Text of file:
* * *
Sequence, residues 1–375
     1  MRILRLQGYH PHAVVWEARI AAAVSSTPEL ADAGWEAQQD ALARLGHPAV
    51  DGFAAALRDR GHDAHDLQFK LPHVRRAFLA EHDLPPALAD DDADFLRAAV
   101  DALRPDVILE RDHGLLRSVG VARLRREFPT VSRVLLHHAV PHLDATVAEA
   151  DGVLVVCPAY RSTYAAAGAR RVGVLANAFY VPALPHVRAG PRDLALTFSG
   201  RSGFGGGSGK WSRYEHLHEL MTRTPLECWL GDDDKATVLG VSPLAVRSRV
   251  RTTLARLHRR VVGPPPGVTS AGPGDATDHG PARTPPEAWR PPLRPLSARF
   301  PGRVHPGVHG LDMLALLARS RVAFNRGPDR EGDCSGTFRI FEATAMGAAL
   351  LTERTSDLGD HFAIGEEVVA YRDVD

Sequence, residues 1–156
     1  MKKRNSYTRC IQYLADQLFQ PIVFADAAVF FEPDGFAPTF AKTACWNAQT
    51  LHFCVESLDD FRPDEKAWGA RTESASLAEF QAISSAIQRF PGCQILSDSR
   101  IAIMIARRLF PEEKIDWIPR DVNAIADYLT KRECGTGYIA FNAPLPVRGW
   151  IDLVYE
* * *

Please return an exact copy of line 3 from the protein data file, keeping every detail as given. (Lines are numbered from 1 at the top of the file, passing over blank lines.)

    51  DGFAAALRDR GHDAHDLQFK LPHVRRAFLA EHDLPPALAD DDADFLRAAV